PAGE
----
Department of Labor Issues Final Ruling Revising White Collar Exemptions

On April 20, the Wage and Hour Division of the U.S. Department of Labor (DOL) issued final rules revising the definitions of who is exempt from the minimum wage and overtime provisions of the Fair Labor Standards Act as a "white collar" employee for the first time in more than fifty years.

In doing so, the DOL made some significant changes to the proposed revisions that it issued in March 2003 to answer critics who said the proposal would have removed overtime pay requirements from as many as eight million nonexempt workers. The DOL said it received more than 75,000 comments on the proposed rules, about 600 of which contained substantive analysis.

The new rules will take effect 120 days after their publication in the Federal Register, which is scheduled to happen by April 30, according to Labor Secretary Elaine L. Chao, resulting in an effective date sometime in late August.

The DOL estimates that the new rules will strengthen overtime protections for more than 6.7 million lower-paid salaried workers, including 1.3 million who are exempt under the current rules, while only 107,000 workers earning more than $100,000 a year could lose their current overtime protection. The current rule is "as protective as the current regulations" for the 57 million workers earning salaries in between these two extremes, according to the DOL.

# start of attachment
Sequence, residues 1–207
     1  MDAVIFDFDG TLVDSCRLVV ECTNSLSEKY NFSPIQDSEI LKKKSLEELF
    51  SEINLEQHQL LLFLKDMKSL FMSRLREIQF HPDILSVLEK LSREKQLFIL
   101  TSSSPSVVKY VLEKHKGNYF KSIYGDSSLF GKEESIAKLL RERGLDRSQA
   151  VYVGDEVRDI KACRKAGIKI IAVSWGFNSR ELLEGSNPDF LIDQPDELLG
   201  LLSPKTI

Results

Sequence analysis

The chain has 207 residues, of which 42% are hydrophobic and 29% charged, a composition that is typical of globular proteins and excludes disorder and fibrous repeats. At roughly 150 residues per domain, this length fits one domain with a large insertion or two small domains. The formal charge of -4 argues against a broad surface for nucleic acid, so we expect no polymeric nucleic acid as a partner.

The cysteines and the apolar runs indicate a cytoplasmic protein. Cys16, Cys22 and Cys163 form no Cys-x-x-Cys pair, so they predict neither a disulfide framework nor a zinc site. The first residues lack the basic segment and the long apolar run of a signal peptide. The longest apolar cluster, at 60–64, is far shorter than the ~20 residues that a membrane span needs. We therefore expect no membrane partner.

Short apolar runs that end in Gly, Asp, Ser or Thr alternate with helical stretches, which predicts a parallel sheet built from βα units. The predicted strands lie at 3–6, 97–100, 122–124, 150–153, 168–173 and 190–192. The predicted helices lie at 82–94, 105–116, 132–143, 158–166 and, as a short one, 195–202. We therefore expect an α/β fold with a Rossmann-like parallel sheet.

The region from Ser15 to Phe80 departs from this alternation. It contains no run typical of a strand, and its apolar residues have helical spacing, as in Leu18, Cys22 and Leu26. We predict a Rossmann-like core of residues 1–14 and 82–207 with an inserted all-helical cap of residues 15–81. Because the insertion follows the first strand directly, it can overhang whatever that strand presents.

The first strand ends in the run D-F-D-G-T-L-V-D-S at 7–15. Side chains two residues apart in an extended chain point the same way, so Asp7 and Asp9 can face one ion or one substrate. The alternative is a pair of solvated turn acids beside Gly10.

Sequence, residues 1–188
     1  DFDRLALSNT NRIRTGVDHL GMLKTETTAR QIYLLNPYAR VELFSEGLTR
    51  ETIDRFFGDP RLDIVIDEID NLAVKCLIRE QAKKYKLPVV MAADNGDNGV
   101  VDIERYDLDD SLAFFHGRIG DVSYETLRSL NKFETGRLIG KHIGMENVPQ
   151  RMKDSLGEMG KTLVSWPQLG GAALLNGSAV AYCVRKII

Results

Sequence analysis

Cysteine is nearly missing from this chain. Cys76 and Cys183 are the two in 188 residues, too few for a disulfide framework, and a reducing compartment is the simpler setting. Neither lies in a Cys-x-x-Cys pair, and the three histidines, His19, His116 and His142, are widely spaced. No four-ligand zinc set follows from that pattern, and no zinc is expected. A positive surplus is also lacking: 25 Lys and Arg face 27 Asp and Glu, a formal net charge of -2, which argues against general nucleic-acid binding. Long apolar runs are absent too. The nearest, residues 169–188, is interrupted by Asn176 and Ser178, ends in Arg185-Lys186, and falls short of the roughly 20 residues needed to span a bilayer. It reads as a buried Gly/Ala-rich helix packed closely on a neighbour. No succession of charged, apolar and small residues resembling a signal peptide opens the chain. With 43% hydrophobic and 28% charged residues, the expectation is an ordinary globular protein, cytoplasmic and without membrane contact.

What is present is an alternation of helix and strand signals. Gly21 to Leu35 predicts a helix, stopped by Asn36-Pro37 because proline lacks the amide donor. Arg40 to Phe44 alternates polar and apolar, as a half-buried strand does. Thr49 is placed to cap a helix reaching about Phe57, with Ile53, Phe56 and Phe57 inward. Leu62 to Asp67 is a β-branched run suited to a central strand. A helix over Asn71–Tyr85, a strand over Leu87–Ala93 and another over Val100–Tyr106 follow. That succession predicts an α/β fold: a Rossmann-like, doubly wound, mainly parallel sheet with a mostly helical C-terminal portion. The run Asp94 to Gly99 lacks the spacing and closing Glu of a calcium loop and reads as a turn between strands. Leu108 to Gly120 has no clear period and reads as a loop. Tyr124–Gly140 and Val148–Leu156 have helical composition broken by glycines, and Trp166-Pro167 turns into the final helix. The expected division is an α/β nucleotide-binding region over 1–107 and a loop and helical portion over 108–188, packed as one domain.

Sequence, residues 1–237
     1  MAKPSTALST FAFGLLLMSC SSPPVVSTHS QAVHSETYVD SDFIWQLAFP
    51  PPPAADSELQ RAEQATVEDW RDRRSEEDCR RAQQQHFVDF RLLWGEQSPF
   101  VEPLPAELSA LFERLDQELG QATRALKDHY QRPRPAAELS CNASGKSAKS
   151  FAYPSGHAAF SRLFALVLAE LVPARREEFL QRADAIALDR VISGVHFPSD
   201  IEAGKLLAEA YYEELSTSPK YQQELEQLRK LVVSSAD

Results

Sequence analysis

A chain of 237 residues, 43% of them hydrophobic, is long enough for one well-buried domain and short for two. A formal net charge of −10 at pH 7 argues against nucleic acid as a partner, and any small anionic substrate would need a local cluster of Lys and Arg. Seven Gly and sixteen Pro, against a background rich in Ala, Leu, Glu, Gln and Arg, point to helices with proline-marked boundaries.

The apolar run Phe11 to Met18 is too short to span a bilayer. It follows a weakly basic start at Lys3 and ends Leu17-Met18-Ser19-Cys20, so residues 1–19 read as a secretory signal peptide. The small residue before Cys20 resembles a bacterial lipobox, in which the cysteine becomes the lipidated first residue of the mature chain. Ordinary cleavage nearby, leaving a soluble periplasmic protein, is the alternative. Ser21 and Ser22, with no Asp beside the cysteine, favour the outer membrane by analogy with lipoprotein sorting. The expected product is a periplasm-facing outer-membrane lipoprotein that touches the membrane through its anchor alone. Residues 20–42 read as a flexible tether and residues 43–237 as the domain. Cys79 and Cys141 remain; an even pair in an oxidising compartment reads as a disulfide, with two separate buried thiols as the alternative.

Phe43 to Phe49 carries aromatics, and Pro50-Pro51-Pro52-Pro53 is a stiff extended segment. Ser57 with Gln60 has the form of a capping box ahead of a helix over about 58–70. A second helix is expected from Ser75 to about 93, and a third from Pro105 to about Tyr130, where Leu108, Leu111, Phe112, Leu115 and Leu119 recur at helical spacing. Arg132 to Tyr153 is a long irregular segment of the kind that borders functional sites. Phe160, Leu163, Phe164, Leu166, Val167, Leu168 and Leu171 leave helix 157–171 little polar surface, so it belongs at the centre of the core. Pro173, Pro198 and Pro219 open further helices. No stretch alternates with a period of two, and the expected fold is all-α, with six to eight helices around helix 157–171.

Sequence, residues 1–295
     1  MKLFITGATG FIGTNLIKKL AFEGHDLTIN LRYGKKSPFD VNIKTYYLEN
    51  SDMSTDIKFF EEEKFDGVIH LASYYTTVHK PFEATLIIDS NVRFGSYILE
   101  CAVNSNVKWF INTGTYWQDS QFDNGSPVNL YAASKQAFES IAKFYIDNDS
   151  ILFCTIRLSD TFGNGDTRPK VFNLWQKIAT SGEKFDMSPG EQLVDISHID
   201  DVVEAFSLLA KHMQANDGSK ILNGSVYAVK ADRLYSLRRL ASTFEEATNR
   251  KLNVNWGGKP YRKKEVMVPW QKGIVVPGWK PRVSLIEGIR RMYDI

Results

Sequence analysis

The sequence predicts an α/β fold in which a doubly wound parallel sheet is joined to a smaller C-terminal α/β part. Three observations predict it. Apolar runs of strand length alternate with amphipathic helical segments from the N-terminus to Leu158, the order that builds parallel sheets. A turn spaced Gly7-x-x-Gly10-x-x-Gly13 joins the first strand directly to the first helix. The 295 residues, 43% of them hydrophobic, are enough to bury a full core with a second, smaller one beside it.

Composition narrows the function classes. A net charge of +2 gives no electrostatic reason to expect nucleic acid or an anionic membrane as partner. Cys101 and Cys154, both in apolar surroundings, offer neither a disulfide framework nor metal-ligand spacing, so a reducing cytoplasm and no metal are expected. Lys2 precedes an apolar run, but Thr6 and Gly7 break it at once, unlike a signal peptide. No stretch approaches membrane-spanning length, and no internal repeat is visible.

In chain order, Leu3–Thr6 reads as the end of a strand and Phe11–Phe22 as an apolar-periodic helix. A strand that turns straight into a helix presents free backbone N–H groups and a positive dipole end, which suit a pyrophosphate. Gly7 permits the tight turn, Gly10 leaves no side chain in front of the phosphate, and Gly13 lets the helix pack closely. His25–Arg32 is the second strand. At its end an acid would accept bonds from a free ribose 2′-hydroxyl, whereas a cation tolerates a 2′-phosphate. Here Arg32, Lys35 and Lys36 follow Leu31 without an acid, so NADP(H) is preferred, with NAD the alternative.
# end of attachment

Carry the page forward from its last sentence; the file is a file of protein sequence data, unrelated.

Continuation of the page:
Under the final rules, any employee earning less than $455 a week ($23,660 a year) will be a nonexempt employee entitled to overtime pay, whether the employee is paid on an hourly or salary basis. This amount is an increase from the proposal, which would have guaranteed overtime to employees earning less than $425 a week ($22,100 a year), and from the current regulations, under which employees earning less than $155 a week ($8,060 a year) are automatically entitled to overtime pay.

The final rules also establish a new exemption for highly compensated employees who receive total compensation of at least $100,000 a year and perform at least some of the exempt work of an executive, administrative, or professional employee. The proposal had set the total compensation amount at $65,000.

Other significant changes from the proposal include:

Reinstating the current requirement that exempt administrative employees exercise "discretion and independent judgment" as part of their primary duty;

Removing the proposed executive exemption for employees who are in "sole charge" of a physically separate branch of an employer;

Clarifying the learned professional exemption by removing references in the proposal to alternate training that could qualify an employee for the exemption, including training in the armed forces or attending a technical school or community college;

Making it clear that the white collar exemptions don't apply to manual laborers or other "blue collar" workers no matter how highly paid they might be;

Stating that the exemptions also don't apply to "first responders" such as police officers, firefighters, or emergency medical technicians, even though they may have some supervisory responsibility (e.g., police sergeants); and

Clarifying that registered nurses will generally qualify for the learned professional exemption, while licensed practical nurses will not.

Prior to their publication in the Federal Register, the DOL has created a "FairPay" Web site providing information on the revised final rules: www.dol.gov/esa/regs/compliance/whd/fairpay/main.htm.

 

Originally published in the 2004 Spring issue of The CampLine.
 

Your rating: None Average: 1 (1 vote)
Tags: